“The film don’t lie” – Isaiah Thomas
Last week I sat down and watched a documentary that left an impression on me like a bruise.
Wedged in between the Los Angeles Lakers/Boston Celtics dominance of the 1980s and the Michael Jordan-led dynasty of the Chicago Bulls through the ’90s was a back-to-back championship run of the Detroit Pistons from 1988-90. The documentary is titled Bad Boys, which was the name bestowed upon this team that played with such a fearsome defensive attitude that it changed the face of basketball forever. It also ruffled a few feathers along the way.
Bad Boys is a study of how a club is built, how a team is built, but also how a team can connect with its home city. Detroit is a city that knows hard times. At the time of the Pistons’ reign in the late ’80s it was a working class battleground that had been the richest city in America through the middle of the century after the boom of the motor industry. In more recent times, Detroit has slipped even further into economic ruin.
‘Chief agitator Laimbeer summed it up like this: “Someone has got to wear the black hat.”‘
The architects for the Pistons’ revival were their general manager Jack McClosky and head coach Chuck Daly (at the time a virtually unknown). Piece by piece, they began to accumulate a playing roster that could begin to dream of competing against the glamorous franchises, the Lakers and the Celtics.
The spirit of the Pistons team that would go on to notoriety came from two players, Isaiah Thomas and Bill Laimbeer.
Thomas was the star point guard in the country, and despite his best efforts to play elsewhere the Pistons took him at No.2 in the draft. Soon after, a trade was made to lure Laimbeer from Cleveland.
Thomas was from a tough Chicago neighbourhood, and his million-dollar smile distracted people from what he essentially was – a street fighter. Laimbeer was from a different world. His home life was one of privilege and comfort, but like the smile of his point guard teammate, his blue blood belied a fighting spirit that would eventually make him the most hated man in the NBA.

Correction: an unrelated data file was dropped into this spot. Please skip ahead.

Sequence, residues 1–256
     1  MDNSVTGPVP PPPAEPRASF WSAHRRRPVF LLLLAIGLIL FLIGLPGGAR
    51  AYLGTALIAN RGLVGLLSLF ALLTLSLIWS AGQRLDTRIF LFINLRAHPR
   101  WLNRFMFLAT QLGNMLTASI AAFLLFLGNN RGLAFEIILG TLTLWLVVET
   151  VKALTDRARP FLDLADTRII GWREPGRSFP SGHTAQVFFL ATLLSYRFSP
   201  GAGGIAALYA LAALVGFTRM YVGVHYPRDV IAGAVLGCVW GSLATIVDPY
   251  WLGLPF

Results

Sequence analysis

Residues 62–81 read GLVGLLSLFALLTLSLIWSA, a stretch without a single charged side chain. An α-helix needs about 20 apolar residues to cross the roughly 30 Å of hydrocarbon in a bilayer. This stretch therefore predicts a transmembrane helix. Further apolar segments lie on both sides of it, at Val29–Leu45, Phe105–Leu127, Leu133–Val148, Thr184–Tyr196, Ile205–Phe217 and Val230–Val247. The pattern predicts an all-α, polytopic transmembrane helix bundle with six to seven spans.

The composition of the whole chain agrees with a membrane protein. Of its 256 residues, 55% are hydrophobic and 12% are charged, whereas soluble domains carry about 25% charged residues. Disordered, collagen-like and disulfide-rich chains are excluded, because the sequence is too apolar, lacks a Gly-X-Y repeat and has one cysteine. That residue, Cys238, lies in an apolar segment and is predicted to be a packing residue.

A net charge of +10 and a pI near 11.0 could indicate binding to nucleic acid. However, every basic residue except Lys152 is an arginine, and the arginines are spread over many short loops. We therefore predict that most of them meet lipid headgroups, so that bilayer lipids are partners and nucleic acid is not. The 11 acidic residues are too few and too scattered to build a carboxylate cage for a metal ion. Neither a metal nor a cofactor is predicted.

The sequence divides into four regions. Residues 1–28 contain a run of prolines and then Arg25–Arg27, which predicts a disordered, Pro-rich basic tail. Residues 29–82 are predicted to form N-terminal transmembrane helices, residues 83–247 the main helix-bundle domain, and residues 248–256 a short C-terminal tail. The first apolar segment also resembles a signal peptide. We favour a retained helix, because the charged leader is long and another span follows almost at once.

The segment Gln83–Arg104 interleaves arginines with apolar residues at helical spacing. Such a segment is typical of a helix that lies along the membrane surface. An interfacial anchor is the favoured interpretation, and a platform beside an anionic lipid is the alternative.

Around these two cornerstones, McClosky and Daly put together a team of role players. Their core business became ruthless team defence.
The Pistons’ story lifts out of the earth like a great mountain. Warmly embraced by their hometown for their working class style and attitude, they were shunned by the rest of the league, considered by many to be thugs. As the players themselves saw it, it was “us against the rest of the world”.
After some initial hesitation they began to embrace their image as the bad boys. Chief agitator Laimbeer summed it up like this: “Someone has got to wear the black hat.”
For anyone who loves team sport, the Detroit Pistons are a fascinating tale. Bad Boys covers the full arc, the rise to the top and the eventual fall.
Made up of a wild mix of characters, the Pistons were “a great bunch of soldiers”, according to McClosky. They may have lacked the polish of some their glamorous contemporaries, but they were a formidable force with just the right mix of silk and steel on the court.
It’s a balancing act that my football team hasn’t really captured yet this year. After a disappointing weekend for my Bulldogs, there were quite a few lessons to take away from the Pistons’ story. You can’t let opposition teams brush you aside like the Gold Coast Suns did to us on Sunday night. I hate to think what Bill Laimbeer would’ve made of our third quarter.
The responsibility to make amends lies with the 22 players this Sunday. Ultimately, a team connects with its people when it wins. This week against the Dockers presents our next opportunity to get the balance of silk and steel right.
This article was orginally published in The Age and can be accessed here.